“The devil comes in through the choir loft.” I couldn’t believe what I was hearing. A New Thought minister was explaining to me why she would never have a choir at her center. “You’ve heard that expression, right?” she continued. “Choirs are hotbeds of dissension and division. Plus, they’re usually not very good.” I did my best to offer my own experience and opinion which was vastly different. By the end of the conversation, neither of us had persuaded the other to their point of view.
I’ve been creating and performing music for the New Thought community for 22 years—17 years as a church music director. I’ve had the honor of speaking and singing at dozens of our spiritual communities and have developed close personal and professional relationships with many ministers and musicians. I wish I could say that the viewpoint expressed in the above conversation was rare, but I find that not to be the case. I continue to find that the “us and them” mentality between ministers and musicians is active and alive in our movement. And it’s not just the ministers, many musicians are polarized in this same way.
Having been on both sides of this apparent divide, I can tell you from both principle and experience that it need not exist at all—that it is truly possible to create a healthy partnership between minister and musician/music director. When it happens, both the music and the message are amplified and strengthened in incredible ways!
As a minister or spiritual leader, the first thing to do is get clear. Clear within yourself about what you want in your music program. You might start by just asking that simple question, “What do I want?” Try to think about the essential qualities you’re looking for. What do I want my community to experience during the music? A sense of inspiration? Excitement? Contemplation? Connection? Write down the words that move you the most. This is what you begin to pray for. It’s important to note that this work is about the spiritual vision of the music program for your community. The minister does not simply get to call the shots based upon his or her own taste and preferences.
Alan Cohen says, “Pray for essence, rather than form. Then the form will come from the essence.” As the “vision-caster” for your ministry, you are the one called to do the spiritual work, the “first creation” of your music program. Doing prayer, masterminding or visioning with your board, a prayer partner or ministry team is a great idea. The spiritual power of agreement is immense.
Part of getting clear is to determine whether or not you’ve got the right music person on board. I think it’s always a good idea to try to work with what you have, but at some point you may become clear that it’s just not a fit. I invite you to make the change with kindness and clarity. No musician likes to lose a gig, but those of us on the spiritual path will attest that it always turns out for the best—for everybody involved.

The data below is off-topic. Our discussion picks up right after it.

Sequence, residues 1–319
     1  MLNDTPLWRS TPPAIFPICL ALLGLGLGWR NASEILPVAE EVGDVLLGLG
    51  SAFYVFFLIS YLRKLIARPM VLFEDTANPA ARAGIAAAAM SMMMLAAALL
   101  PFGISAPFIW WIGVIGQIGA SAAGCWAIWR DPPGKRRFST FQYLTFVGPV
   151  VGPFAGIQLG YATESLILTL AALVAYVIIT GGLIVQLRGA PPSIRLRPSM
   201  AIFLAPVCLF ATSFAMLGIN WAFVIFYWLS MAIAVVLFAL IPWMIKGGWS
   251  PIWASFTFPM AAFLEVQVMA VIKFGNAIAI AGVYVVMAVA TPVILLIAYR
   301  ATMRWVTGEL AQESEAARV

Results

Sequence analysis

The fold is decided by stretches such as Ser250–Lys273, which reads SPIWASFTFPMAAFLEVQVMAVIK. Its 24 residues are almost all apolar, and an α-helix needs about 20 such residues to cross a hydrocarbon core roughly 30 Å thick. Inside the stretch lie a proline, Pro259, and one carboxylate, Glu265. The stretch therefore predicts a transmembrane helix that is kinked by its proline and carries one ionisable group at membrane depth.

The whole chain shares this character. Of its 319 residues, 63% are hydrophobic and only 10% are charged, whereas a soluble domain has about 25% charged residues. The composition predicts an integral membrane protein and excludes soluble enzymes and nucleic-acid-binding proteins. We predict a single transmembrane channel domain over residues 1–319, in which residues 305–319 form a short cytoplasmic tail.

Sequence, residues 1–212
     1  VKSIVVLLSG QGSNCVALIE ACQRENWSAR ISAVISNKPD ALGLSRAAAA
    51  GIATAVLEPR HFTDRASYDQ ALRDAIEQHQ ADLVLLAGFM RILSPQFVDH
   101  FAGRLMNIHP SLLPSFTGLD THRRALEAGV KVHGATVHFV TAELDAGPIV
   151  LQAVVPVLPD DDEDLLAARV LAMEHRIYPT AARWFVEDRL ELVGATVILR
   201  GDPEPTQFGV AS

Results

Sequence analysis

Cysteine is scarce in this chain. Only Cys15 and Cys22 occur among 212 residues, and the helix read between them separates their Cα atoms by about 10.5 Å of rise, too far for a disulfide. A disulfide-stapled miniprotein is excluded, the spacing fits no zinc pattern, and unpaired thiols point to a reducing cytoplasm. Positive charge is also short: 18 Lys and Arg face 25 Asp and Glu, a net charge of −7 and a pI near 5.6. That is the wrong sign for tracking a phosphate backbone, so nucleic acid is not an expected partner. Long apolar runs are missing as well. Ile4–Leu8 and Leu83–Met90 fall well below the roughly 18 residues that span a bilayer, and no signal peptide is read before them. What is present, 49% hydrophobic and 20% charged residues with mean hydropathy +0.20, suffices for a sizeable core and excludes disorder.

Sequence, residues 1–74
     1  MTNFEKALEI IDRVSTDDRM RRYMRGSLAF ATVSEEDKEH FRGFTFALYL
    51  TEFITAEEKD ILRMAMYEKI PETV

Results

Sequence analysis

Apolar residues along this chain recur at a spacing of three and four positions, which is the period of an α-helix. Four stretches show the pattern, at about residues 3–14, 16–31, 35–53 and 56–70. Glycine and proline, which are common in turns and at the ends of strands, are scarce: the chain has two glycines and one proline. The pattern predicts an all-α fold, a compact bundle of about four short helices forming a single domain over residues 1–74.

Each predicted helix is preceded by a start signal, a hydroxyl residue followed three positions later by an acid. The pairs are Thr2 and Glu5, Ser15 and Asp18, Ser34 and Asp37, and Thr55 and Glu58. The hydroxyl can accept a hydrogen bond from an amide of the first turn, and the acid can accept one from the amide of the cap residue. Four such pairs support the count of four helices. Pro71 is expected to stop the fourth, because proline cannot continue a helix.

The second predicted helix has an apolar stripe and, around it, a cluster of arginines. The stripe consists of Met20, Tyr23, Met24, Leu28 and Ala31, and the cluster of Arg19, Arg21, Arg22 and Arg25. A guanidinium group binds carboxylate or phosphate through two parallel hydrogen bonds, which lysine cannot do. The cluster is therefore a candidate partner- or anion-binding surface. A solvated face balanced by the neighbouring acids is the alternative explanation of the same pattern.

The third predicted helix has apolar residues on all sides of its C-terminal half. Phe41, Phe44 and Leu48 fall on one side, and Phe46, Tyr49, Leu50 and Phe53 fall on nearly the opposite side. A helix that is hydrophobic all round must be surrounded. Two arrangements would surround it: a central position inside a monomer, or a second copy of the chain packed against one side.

Once you are clear, you begin to speak the vision to your music director or musicians. Remember, this is vision. At this point in the conversation it is not a list of songs of which you either approve or disapprove. You need to get your music leaders to buy in. Ideally, you are working with gifted and talented musicians who are actively engaged in their own spiritual growth. You want to attract the kind of musicians who are seeking to express their musical gifts in a spiritual setting for the good of the community, not just to get their own applause and paycheck.
I have been teaching music ministry to ministerial students in the Centers for Spiritual Living for a number of years. One of the things I always stress in these classes is the need for ministers to “speak musician.” Talk about the spiritual qualities of your vision but add to your conversation descriptions of the sounds you need to hear or not hear.
One minister was complaining to me that her pianist could never play the way she wanted under her prayer. She had had several conversations with him, explaining the need for the music to support “going within” and “a deep experience.” “He just isn’t getting it!” she said. I said, “Try telling him to play a quarter as many notes and drop the volume by half.” She looked at me a little sideways, but agreed to try. A couple of weeks later she reported that it worked like a charm. She got what she needed once she learned to ask for it in a way that made sense to the musician.
As I mentioned earlier, holding the vision for the music ministry is not the same thing as dictating your personal musical taste. For Spirit to really be given freedom to express, we have to check our ego and listen to the ideas of everyone in the room. This quote came across my Facebook feed recently from Daily Dose Quotes: “Collaboration is not about gluing together existing egos. It’s about the ideas that never existed until after everyone entered the room.”
The minister’s job in this relationship is to hold the spiritual space of collaboration. Don’t let it become a battle of wills or a my-way-or-the-highway mentality on either side. Bring your excitement and vision and let your music director know you need them to bring the same. When you create this atmosphere of trust and positivism, you’ll be amazed at how your music program will thrive.